Now, I know it’s not a perfect world (yet) and I am not suggesting the soldiers go and love him. They probably wouldn’t get the chance before they were murdered.

My point is, in all things, I want to choose hope. I want to believe that people truly want to choose what is good, and right, and that (by the Grace of God) the world can become a better place.

And we have the power to choose to make it better.

We were given the authority to bring hell to earth like Kony does, or to bring heaven.

So, instead of skeptically questioning and picking things apart, I want to rejoice with any human being regardless of their beliefs or background, who is doing what they can to bring heaven to earth.

You can call me naive, but that’s ok. I choose to believe the best.

Refuge for Sex Trafficking Victims

1 Sep

A Girl I Met In A Brothel In India

The first time I heard about human trafficking was in 2007 at a conference in Atlanta.

It felt like a punch in the gut. I couldn’t believe something so horrific was so prevalent, yet so unknown.

Months later, I was on a Southwest flight and I “randomly” sat next to a woman who was fighting against sex trafficking in the United States. She told me the greatest need was for recovery, and that there was not one single woman’s home in the United States specifically for those who have escaped this life.

Four years later, trafficking has become a buzzword, a red hot issue in human rights organizations all over the world, and thankfully is beginning to seep into the subconscious of The Church.

Yet, there is still only 200 beds  available to house girls and women who are recovering in the US. (According to The Rebecca Project for Human Rights)

While there has been some controversy on the exact statistics because the numbers are so hard to attain, we know that human trafficking is the world’s second largest criminal enterprise, next to drugs.

Investigators and researchers estimate the average predator in the U.S. can make more than $200,000 a year off one young girl.( NBC Report by Teri Williams.)

Why isn’t more being done to help these girls? In a Vanity Fair article, on Sex Trafficking in America, it was put quite simply,

The second-hardest part (next to housing) is finding them treatment. There are experts in rape, addiction, sexual abuse, battering, but not in counseling trafficking victims who suffer from all these problems combined.

While these issues can be overwhelming, we cannot let our feelings of inadequacy paralyze us from action.

While these girls and women (and boys as well) have deep psychological trauma and need for patient, professional care, I believe there is a need just as great that is simple enough for anyone to give: unconditional love.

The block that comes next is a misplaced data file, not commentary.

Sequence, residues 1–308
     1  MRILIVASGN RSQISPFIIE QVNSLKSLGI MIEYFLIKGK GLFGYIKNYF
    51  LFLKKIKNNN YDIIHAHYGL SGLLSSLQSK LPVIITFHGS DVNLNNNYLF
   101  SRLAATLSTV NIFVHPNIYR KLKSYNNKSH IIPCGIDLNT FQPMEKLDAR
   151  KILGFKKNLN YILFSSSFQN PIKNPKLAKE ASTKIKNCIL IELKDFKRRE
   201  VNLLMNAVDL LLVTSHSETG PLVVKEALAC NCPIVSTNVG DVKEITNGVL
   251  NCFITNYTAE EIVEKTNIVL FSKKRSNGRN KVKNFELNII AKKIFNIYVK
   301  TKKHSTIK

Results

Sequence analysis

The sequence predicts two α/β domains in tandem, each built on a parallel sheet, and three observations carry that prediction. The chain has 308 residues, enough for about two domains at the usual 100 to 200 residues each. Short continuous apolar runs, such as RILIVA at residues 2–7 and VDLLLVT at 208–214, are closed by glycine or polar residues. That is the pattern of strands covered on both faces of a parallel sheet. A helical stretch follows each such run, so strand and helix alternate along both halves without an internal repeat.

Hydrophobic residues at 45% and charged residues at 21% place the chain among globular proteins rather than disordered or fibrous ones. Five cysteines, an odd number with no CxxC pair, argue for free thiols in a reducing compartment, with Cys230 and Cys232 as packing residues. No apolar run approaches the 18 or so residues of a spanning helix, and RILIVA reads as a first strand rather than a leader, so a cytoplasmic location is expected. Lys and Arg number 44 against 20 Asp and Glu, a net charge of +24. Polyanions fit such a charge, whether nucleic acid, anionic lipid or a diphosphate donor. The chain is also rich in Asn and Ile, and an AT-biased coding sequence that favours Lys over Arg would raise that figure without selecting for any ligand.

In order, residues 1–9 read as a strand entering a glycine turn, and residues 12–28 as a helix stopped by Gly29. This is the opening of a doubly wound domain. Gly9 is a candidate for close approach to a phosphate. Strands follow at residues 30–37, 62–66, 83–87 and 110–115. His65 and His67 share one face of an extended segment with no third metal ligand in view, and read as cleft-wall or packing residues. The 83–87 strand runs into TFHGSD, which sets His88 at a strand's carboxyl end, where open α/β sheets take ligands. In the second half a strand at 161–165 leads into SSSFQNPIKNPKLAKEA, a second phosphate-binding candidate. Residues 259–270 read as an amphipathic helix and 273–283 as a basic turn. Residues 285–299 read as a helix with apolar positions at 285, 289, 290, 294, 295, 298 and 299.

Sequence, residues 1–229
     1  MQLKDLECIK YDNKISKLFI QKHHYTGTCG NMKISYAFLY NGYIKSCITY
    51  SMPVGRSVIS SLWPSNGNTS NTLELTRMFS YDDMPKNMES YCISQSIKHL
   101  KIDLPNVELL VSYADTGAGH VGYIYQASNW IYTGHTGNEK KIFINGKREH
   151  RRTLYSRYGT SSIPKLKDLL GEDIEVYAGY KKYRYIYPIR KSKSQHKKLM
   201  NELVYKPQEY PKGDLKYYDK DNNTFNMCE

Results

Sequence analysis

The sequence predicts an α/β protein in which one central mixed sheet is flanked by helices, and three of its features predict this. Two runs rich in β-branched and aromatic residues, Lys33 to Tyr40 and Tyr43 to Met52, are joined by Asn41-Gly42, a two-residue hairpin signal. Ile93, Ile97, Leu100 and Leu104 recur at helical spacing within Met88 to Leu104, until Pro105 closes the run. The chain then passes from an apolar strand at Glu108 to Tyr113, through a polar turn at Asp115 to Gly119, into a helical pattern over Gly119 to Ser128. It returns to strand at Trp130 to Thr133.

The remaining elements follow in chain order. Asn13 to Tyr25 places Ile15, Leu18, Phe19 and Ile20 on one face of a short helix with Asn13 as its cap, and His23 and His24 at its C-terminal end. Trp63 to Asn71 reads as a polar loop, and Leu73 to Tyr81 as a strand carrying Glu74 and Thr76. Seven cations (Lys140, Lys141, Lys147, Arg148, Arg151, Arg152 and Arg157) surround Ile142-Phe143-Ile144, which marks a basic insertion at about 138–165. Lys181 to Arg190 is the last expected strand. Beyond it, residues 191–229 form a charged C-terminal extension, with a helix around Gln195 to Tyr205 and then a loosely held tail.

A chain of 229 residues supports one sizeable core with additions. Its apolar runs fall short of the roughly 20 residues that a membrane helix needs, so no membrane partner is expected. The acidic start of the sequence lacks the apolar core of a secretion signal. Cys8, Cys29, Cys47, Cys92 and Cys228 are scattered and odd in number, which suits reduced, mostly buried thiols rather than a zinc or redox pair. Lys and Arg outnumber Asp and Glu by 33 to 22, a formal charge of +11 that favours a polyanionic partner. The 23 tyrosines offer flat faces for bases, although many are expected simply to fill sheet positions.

As much as they need a hot meal, a warm bed to sleep in, and education to allow them to live a different life style,

They need to know they are not guilty.

They need to know they are loved.

They are beautiful.

They have worth.

Those simple words of encouragement are what all of us are aching for, and it doesn’t take an expert to give them away.

When I was in India and we took a group of girls from the brothel to a water park, and got a taste of the hate and judgment they constantly received. Telling those girls that they were loved by Jesus (who is love) and that God hung out with prostitutes, was one of the brightest moments of my life.

Despite the darkness, I saw a glimpse of hope only unconditional love can bring.

Refuge City

I am so encouraged by all the effort and love “ordinary” people are exerting in order to bring redemption to these girls. My friend Barb is starting a recovery home in Dallas called Refuge City and I am so excited about it.

We believe that the key to healing and restoration is the love and power of Jesus Christ. We stand, as a team, to walk out this healing side by side. We use a holistic strategy targeting physical, emotional and spiritual healing. Our goal is to provide a safe place of recuperation and hope where people’s God given purpose and destiny can be rediscovered and restored through the application of Biblical principles and the love of Christ empowering them to be fulfilled and vital participants in their communities.

Refuge City is committed to providing a clean and safe home for the children/women to live in surrounded by people who will love them and are committed to their restoration and independence.  The residents will follow a highly structured daily program that will include on site schooling, professional counseling, classes on life skills and independent living, sports activities, musical training and anything else that they might be interested in.